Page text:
Those Were The Days

I loved carnivals as a teen.   I would get dropped off just before dark and told that I would be picked up exactly three hours later in the same spot.  Sometimes I was meeting up with friends,  sometimes they were piled in the car with me and we tumbled out the back seat together.  It was a few bucks to get in, a hand stamp and a stop at the fortune teller  at the entrance.

The carnivals I went to were never very big, and it was always hot, loud, and the smell of diesel fuel lingered.  We would light up a cigarette and pass it around and then head over to the skee ball tent.  I remember watching the electric lights of the rides bouncing off the trees, and standing in line for little orange tickets that we would get in exchange for our dollars.

One time I got to stay well beyond my three hour limit.  I was sleeping over a friend’s house who lived with her grandmother. My friend confided that her grandmother had no idea where we were and that we could stay out all night.  After about four hours we ran out of everything, so we combed the brown grass for half smoked butts and untorn tickets. The tips of our fingers were dirty. It didn’t seem to matter.  To us it was a form of freedom.

The music was full tilt. Too loud to enjoy, but we never let on as we jammed to the Blue Oyster Cult or AC/DC while we rode the Matterhorn and Himalaya. Our eyes would follow the ride’s backdrop featuring stenciled images of objectified bodies, and the motionless conductor who led us, first forwards then backwards.

The music is what made it all possible.  I snapped the featured image while driving by a carnival this week.  It was the icing on my reminder cake. I had already landed back in my teens this past weekend in celebration of Record Store Day.    My fingers roamed through every section at ever stop – Rock ballads and pinball music, poetic lyrics and thoughtful cover art.  Several  years ago I worked at a record store, but my time there didn’t feel nostalgic.  The place smelled too much like commercial new.  I found no affinity with the sterile rows of records that were later replaced by CD’s.  This past weekend brought the magic back.  Here are a few spots to check out:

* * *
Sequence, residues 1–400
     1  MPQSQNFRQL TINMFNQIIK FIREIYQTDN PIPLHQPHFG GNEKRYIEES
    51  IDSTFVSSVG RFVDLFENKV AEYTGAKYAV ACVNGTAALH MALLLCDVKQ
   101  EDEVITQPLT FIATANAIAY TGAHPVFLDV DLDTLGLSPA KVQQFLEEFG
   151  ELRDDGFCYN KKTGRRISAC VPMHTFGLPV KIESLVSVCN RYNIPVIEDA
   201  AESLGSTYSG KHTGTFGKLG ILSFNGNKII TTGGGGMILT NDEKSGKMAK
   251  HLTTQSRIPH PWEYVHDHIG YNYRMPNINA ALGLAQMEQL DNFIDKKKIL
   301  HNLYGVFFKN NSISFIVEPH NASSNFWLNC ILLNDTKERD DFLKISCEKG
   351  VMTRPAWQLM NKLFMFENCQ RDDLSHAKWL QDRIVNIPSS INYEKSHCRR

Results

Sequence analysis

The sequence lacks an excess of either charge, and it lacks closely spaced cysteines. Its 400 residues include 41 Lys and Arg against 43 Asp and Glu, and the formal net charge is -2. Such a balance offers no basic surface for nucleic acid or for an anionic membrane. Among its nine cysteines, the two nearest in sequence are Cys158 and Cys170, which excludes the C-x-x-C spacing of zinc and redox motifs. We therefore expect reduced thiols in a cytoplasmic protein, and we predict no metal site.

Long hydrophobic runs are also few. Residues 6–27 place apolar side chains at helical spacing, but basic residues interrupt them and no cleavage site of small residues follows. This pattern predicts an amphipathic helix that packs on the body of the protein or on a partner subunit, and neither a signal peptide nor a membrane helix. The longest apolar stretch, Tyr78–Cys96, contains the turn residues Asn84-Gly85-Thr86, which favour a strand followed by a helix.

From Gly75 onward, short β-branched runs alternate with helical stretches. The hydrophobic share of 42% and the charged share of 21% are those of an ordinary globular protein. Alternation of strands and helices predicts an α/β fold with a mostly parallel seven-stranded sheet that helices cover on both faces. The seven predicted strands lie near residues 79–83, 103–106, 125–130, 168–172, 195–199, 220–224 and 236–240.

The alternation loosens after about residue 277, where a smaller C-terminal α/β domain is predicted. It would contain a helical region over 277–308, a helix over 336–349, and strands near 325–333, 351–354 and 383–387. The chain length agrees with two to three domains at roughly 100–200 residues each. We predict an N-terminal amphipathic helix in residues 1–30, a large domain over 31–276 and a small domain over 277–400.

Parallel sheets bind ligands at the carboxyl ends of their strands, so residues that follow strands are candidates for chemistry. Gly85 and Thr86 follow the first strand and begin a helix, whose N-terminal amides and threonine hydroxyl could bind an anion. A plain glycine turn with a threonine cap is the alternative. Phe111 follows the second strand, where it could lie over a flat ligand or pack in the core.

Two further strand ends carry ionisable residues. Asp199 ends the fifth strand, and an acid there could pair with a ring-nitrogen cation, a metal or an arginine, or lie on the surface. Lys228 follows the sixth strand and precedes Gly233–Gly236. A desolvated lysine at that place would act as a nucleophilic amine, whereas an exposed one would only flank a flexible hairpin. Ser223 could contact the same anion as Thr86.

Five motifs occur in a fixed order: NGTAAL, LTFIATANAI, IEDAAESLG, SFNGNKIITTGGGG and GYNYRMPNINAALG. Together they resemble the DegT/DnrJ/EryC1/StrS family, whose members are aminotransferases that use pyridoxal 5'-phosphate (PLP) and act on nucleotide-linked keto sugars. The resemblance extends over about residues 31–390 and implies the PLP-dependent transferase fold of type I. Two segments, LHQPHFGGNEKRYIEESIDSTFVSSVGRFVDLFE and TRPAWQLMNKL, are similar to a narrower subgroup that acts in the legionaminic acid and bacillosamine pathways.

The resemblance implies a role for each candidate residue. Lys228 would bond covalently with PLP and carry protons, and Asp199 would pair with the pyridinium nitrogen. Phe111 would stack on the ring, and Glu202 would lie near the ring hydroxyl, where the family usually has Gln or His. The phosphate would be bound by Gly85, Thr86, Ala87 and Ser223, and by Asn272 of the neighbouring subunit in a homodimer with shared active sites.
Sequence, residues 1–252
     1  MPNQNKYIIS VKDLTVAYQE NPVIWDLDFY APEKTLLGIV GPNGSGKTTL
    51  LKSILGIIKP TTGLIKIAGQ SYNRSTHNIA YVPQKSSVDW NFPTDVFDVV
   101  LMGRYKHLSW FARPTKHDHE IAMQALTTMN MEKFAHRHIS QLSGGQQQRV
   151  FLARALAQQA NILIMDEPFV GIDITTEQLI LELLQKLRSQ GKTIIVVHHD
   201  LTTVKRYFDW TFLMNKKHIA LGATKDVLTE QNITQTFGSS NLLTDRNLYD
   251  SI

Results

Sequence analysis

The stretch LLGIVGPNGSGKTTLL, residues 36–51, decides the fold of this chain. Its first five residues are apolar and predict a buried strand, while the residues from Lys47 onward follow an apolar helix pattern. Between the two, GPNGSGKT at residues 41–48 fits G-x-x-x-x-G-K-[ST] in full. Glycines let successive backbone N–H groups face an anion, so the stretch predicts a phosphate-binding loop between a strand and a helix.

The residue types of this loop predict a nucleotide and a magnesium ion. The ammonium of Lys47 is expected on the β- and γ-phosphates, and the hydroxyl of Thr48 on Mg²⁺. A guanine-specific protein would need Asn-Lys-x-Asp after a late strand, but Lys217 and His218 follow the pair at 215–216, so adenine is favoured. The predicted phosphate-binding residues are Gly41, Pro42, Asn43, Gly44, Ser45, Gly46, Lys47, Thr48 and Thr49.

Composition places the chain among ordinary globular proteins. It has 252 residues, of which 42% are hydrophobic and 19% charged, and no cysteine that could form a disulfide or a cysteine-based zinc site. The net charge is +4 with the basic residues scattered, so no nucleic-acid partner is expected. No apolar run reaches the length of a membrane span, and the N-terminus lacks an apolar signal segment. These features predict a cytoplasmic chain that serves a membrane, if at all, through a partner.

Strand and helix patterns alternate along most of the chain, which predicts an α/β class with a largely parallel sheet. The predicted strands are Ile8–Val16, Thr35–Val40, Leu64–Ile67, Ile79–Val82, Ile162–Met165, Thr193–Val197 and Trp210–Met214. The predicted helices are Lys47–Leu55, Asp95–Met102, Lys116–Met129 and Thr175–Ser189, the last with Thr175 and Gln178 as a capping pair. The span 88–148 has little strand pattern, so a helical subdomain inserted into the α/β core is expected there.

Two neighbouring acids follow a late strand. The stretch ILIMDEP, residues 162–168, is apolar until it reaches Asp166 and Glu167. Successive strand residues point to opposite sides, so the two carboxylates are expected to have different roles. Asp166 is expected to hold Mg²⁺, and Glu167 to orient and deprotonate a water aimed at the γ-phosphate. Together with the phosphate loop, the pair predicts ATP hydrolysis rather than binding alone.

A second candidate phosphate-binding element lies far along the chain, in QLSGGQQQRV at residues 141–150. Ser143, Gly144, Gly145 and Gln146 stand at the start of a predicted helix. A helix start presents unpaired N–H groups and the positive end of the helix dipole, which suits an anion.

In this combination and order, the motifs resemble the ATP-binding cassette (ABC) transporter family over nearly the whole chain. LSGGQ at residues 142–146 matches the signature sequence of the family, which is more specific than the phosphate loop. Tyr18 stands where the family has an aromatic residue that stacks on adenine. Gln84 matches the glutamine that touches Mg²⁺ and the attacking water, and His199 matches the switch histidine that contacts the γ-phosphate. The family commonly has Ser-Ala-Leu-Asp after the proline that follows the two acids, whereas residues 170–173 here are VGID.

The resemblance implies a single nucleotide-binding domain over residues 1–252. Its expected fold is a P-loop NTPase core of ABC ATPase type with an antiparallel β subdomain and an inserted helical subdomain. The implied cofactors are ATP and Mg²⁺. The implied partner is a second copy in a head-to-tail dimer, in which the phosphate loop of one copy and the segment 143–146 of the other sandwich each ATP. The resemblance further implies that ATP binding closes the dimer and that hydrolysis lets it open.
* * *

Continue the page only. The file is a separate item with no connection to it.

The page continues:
Green Tangerine Records in Dekalb covers a lot of ground with ample roaming space.  Most records are worn, and some a bit moldy, but you can still find a pretty decent selection brought to you by a friendly staff. A bonus is that they are moving soon and their new spot will feature live, local musicians.

Mile Long Records in Wheaton has a sleek new design, but the care that goes into presentation, quality of product, and the presence of a genial owner, makes it a nice stop on the vinyl tour.

Purple Dog Records in Naperville uses the most of their small space by carrying a wide variety of new and gently worn records.  The staff is super friendly, and if you go during off hours, you can peruse the shop from top to bottom with plenty of elbow room to stack your finds.

Whatever your taste, I hope you are blessed with time to explore.  And speaking of Naperville and carnivals, although I haven’t checked them out yet, this may be the year to do it.  Naperville Last Fling will be heading into the area early fall.  And if not them, there’s always another carnival to discover. Happy Hunting.


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